The Royal Canadian Geographical Society
Making Canada better
known to Canadians
and to the world.

Publishers of Canadian Geographic Magazine Publishers of géographica


Research Grants

2005 Research Grant Recipient - Christine Robichaud

Ring around the turtle
What do turtles and trees have in common? More than you might think. Just as scientists can determine historical changes in climate by examining tree rings, Christine Robichaud, a biology student at Mount Allison University in Sackville, N.B., is using the growth rings in turtle shells to predict the danger that global warming poses to the already threatened species.

Funded in part by The Royal Canadian Geographical Society, Robichaud collected wood turtles last summer from New Brunswick's Miramichi River watershed. Named for its textured shell, Glyptemys insculpta, or the common wood turtle, is found across eastern Canada and the northeastern United States. An adult measures about 25 centimetres in length and lives almost 30 years. Although not protected by federal or provincial legislation, it is considered a species of special concern.

Before releasing each turtle, Robichaud electronically scanned its underbelly, creating a detailed digital image that she then analyzed using software designed to measure a tree's growth rings. Like trees, a turtle shell forms a new ring each year. If a turtle has had an especially good year of feeding and hibernation, it develops a thick growth ring.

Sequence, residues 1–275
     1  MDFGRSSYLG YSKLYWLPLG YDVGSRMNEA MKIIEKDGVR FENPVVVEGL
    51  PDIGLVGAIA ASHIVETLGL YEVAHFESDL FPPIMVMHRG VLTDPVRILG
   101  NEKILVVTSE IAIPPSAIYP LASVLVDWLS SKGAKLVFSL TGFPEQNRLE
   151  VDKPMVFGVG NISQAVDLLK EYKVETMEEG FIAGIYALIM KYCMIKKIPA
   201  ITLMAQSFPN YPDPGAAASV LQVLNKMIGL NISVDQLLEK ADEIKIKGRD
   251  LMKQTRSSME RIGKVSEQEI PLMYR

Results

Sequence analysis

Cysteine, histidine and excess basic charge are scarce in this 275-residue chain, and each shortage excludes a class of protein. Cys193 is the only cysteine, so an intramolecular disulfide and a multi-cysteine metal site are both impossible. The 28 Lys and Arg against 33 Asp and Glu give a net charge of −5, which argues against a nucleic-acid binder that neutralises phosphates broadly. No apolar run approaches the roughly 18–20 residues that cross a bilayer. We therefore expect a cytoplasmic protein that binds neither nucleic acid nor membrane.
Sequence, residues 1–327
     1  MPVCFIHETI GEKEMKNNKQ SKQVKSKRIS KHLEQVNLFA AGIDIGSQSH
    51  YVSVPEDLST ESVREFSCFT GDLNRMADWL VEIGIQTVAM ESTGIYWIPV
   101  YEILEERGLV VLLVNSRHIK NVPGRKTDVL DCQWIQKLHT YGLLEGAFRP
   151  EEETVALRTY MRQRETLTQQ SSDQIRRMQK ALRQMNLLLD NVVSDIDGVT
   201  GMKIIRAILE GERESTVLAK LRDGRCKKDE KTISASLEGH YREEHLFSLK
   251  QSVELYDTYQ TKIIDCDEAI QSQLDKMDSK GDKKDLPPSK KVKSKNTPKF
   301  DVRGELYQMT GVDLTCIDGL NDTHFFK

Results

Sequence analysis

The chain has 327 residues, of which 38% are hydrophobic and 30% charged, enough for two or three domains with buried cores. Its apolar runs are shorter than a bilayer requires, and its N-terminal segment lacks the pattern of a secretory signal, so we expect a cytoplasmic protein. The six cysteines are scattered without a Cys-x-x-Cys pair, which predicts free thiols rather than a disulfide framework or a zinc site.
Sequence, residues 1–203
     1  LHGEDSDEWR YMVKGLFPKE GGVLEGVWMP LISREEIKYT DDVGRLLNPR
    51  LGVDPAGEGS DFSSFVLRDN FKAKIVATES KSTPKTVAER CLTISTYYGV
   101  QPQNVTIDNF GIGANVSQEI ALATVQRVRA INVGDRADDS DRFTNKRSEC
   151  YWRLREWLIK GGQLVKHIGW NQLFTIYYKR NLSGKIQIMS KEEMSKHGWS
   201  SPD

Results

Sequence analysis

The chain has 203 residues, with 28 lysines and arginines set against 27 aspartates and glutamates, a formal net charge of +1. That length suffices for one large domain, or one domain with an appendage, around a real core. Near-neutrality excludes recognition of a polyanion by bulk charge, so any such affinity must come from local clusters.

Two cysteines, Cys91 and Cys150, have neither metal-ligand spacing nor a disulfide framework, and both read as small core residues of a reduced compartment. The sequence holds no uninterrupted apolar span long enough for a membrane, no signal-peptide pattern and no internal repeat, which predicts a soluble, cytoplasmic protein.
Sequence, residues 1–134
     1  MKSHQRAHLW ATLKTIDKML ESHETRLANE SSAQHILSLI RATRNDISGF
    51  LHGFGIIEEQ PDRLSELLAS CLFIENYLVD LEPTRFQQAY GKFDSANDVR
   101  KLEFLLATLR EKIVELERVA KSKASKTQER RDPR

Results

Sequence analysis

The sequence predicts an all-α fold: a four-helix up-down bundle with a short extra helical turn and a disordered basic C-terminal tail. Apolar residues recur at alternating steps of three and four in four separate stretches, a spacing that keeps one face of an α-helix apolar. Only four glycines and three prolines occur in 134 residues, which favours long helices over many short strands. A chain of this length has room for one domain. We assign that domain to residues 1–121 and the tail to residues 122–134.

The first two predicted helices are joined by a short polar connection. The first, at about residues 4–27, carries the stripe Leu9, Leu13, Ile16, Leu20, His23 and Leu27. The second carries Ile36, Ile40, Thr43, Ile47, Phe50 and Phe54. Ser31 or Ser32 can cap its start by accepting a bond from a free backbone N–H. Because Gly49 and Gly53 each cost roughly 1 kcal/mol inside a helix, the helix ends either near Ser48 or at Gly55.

“There are two main factors that are really important to turtle populations — habitat and temperature,“ says Robichaud. “And, in terms of temperature, climate change is a potential threat.”

Robichaud found that unseasonal weather can significantly affect the turtle's growth rate. When nesting occurs in late spring, hot weather slows progression.

“I actually thought that warmer temperatures in the summer would raise the turtles' metabolic rates, making them grow faster,” says Robichaud. “But that wasn't the case.”

Above-average temperatures in September also slow growth, she adds, because the warm creeks and streams interrupt the turtle's underwater hibernation.

Robichaud's next step is to predict what impact climate change might have on new generations of wood turtles. Growth-ring technology has provided a glimpse into the past; if trends continue, the species faces an uncertain future. “We will definitely see more research in this area,” says Robichaud. “There is still so much to learn.”

— Colleen Kimmett

Share this page

   Copyright © 2021 The Royal Canadian Geographical Society SITEMAP  |   CONTACT  |   PRIVACY POLICY  |   TERMS OF USE  |   FRANÇAIS